Scientists have described a remarkable collection of dinosaur tracks on beaches in the Kimberley region of Western Australia.
More than 20 different types of fossil footmarks have been captured in sandstone rock.
Some are over 1.5m in size, recording the movement of sauropods - the giant beasts with long necks and tails.
The trackways, many only visible at low tide, were ‘globally unparalleled’, claimed the lead scientist involved.
Steve Salisbury called the 25km-long coastline collection Australia's own Jurassic Park.
‘This is the most diverse dinosaur track fauna we've ever recorded,’ he told BBC News.
‘In this time slice (127 and 140 million years ago) in Australia, we've got no other record - there's virtually no other fossils from any part of the continent. This is only window, and what we see is truly amazing.’
‘Twenty-one different types. There are about six different types of tracks for meat-eating dinosaurs; about the same number for sauropod dinosaurs; about four different types of ornithopod dinosaur tracks - so, two-legged plant-eaters - and really exciting, I think, are six types of armoured dinosaur tracks, including stegosaurs, which we've never seen before in Australia.’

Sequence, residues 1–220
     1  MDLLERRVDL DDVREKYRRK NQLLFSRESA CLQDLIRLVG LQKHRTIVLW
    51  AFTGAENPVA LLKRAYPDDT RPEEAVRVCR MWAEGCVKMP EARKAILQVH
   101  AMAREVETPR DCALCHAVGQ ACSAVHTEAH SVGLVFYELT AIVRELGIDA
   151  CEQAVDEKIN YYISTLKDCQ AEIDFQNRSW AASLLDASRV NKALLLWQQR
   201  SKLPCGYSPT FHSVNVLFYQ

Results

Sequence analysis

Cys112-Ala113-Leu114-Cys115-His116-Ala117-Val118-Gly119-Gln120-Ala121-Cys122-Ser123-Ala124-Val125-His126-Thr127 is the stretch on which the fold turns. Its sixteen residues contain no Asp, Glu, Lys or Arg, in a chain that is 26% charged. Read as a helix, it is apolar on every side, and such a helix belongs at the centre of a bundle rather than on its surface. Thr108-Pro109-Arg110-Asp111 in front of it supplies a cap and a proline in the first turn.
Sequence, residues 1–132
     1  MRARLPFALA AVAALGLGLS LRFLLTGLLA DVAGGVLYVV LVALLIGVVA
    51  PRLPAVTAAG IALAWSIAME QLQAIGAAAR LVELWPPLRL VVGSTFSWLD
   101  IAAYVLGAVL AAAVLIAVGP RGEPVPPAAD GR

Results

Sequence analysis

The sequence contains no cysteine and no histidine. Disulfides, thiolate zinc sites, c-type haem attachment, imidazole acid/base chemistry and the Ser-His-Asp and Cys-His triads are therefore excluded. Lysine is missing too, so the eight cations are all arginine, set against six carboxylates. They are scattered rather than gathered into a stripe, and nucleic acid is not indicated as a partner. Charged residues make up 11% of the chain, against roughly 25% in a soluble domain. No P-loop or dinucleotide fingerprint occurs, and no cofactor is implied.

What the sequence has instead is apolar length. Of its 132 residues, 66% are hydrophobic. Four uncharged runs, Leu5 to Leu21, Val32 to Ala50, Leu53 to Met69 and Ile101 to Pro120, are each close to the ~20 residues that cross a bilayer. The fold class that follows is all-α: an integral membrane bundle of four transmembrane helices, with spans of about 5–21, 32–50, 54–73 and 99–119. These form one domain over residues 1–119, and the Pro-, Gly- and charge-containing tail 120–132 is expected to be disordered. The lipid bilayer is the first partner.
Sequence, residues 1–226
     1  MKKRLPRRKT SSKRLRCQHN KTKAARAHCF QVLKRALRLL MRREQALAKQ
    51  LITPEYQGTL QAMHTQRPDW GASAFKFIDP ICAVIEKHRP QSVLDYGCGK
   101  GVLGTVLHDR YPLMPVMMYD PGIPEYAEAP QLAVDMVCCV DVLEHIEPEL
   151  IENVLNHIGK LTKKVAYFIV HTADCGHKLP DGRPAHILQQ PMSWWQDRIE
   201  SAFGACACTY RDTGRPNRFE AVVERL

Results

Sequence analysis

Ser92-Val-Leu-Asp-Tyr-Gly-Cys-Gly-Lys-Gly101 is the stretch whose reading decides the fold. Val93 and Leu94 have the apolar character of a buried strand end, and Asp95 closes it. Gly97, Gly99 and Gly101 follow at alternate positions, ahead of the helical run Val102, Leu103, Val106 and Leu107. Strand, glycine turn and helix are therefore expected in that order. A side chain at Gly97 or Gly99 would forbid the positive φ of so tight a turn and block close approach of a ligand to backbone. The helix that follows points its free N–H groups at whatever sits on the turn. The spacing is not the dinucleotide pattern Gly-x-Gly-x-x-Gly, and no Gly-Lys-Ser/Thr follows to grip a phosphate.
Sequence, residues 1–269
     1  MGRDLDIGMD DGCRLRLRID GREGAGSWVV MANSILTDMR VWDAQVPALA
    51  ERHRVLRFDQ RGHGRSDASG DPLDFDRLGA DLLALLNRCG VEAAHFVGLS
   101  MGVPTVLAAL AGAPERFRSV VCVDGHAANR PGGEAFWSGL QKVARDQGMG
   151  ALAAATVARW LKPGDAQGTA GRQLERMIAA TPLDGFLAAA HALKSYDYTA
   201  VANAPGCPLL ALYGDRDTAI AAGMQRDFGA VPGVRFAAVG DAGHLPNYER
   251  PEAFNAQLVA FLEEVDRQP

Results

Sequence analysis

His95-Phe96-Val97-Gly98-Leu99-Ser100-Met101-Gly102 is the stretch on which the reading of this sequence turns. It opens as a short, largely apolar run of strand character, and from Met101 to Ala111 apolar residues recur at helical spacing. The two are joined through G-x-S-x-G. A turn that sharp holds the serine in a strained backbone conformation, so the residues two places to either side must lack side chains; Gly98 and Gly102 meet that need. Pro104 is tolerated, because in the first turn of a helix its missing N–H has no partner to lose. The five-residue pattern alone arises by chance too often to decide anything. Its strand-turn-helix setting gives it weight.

The researcher put together a team from Queensland University and James Cook University to investigate the footprints after being invited to do so by area's Goolarabooloo Traditional Custodians.
Back in 2008, the aboriginal people of Western Australia's Kimberley region had been concerned about the possible development of a liquid natural gas facility.
They asked Dr Salisbury to document the beach prints as part of their campaign of opposition.
The scientist said the indigenous people had long referred to the markings in their oral history - probably for thousands of years.
‘They form part of a song cycle - they relate to a creation mythology, and specifically the tracks show the journey of a creation being called Marala - the emu man. "Wherever he went he left behind three-toed tracks that now we recognise as the tracks of meat-eating dinosaurs.’
Salisbury's team spent more than 400 hours detailing the prints between 2011 to 2016.
Thousands of tracks are recorded at 48 discrete sites centred on Walmadany (James Price Point) on the Dampier Peninsula.
The scientists examined and measured the depressions using three-dimensional photogrammetry, which builds accurate models of the subjects under investigation by taking pictures from various angles.
For a good many, they took silicone peels from which to make casts that could then be shown in museums.
Most of Australia's dinosaur fossils come from the eastern side of the continent, and are between 115 and 90 million years old.
The research has been published as the 2016 Memoir of the Society of Vertebrate Paleontology.
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